The origins of the VDV stem from an organization called OSOAVIAHIM, a voluntary society which developed military and semi-military sporting games. Although not specifically a military unit, it was supportive of the army, airforce and navy. The membership subs for joining were very small since its goal was preparing a pool of reserves for the existing armed forces.
Very soon it became a powerful militarised organization, with its own aerodromes, radio clubs, parachute towers and firing ranges. It became extremely prestigious to earn badges such as Voroshilov marksman, Voroshilov horseman, and parachute jump badges.
Gradually, OSOAVIAHIM became a kind of training for the army reserves, with its courses including such advanced disciplines as tactics, map-reading and weapons handling. A person could join OSOAVIAHIM as early as at the age of 14, and by 1941, OSOAVIAHIM was estimated as having around 13 million members.
Needless to say, the parachute training offered by OSOAVIAHIM was extremely popular, and there were clubs across the Union where one could participate in jumps, and earn their sports wings.
This, served a dual purpose, and enabled the armed forces to have at their disposal men and women who had at the very minimum the basics in parachute training.
Parachute units were originally formed in the Soviet Union during the mid-1930s, and were massively expanded during World War II, where they formed up to ten Airborne Corps with numerous Independent Airborne Brigades, with most or all achieving the elite “Guards” status after 1942.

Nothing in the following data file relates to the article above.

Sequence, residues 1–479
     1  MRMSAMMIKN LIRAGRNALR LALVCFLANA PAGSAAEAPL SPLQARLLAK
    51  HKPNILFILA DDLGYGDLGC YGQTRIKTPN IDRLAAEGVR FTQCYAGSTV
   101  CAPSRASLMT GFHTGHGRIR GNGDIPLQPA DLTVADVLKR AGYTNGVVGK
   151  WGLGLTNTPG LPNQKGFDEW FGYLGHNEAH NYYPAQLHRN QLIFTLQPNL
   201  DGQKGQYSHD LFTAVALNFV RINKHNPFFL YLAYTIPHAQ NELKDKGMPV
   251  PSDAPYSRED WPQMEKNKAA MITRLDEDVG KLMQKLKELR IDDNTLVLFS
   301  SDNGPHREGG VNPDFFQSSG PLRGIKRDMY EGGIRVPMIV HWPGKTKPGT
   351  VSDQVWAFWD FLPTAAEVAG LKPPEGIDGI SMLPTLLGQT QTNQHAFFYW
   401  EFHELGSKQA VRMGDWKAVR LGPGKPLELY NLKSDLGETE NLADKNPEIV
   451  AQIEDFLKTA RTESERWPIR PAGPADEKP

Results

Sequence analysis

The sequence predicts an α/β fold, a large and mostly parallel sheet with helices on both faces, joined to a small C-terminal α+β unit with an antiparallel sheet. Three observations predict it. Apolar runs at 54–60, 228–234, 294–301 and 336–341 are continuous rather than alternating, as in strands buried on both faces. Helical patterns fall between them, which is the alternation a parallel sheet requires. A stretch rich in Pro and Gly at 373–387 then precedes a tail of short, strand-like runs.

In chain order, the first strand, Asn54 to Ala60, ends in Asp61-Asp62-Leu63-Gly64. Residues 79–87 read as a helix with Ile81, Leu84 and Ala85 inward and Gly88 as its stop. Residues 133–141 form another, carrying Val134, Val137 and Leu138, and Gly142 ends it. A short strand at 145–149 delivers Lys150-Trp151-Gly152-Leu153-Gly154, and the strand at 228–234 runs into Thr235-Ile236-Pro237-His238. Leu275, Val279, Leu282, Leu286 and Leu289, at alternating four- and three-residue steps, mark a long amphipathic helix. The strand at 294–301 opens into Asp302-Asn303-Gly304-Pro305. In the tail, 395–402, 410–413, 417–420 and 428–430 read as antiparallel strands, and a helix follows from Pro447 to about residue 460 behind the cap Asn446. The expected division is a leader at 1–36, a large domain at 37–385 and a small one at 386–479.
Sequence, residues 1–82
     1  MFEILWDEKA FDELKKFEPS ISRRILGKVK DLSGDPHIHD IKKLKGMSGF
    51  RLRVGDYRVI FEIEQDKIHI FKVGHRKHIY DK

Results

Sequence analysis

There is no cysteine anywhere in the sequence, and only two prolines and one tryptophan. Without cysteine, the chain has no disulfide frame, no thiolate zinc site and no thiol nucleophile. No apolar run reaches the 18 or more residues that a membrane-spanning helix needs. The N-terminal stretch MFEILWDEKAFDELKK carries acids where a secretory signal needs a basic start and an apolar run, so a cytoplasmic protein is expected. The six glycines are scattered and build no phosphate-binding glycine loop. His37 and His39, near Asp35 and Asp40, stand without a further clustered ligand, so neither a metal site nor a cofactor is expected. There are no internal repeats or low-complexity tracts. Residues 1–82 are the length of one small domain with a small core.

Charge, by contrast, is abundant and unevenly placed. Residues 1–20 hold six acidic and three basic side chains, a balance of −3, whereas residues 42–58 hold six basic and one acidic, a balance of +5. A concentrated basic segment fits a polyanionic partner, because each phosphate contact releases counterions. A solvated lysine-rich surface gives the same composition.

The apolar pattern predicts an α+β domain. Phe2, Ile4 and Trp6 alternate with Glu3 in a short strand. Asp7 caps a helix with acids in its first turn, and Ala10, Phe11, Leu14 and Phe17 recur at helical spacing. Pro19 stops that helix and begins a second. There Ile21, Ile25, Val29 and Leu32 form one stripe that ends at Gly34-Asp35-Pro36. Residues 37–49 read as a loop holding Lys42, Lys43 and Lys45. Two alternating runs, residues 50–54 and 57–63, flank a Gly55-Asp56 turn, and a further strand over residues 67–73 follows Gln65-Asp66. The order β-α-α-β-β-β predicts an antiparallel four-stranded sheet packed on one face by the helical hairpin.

During the Soviet counter-offensive for the Defence of Moscow at Vyazma, 27th January 1942, the Soviet 4th Airborne Corps began a series of night drops of paratroopers in the German rear. Forty civilian and twenty-two military aircraft, escorted by limited numbers of fighters and ground attack aviation, supported the landings. From the beginning, the operation did not go well.
After, six nights, only 2,100 men from the 10,000-man airborne corps had been dropped in. Because of bad weather and the pilots’ inexperience with night navigation, most of these troops landed twenty kilometers south of the intended drop zone. Plans for five to six sorties each night did not take into account adverse weather conditions, aircraft failures, or combat losses. Also, the failure to conceal the buildup of troops at the airborne fields led to the closing of one of them by German bombers. The remaining two fields provided only two to three sorties per night.
The paratroops that landed, however, did succeed in interdicting lines of communication in the German rear area for almost three weeks, in part because of their linkup with the 1st Guards Cavalry Corps on 6 February.
A second series of night landings occurred near Yukhnov between 17 and 23 February. The paratroops were again spread out over a large area because of inaccurate drops, and many supplies were lost. Some of the paratroops eventually joined partisan groups in the area, while the main body restricted itself to night operations because of its lack of artillery and air support. A planned two- to three-day operation extended to almost five months, but despite incredible problems, the remnant of the 4th Airborne Corps managed to break through two encirclements (with the help of a battalion of reinforcements dropped into the area on 15-16 April) and to reach friendly lines by late May. Although it had created considerable havoc in the German rear, the corps was decimated. It had not accomplished its mission of preventing a German withdrawal to the west, because German counterblows had halted the main Russian advance.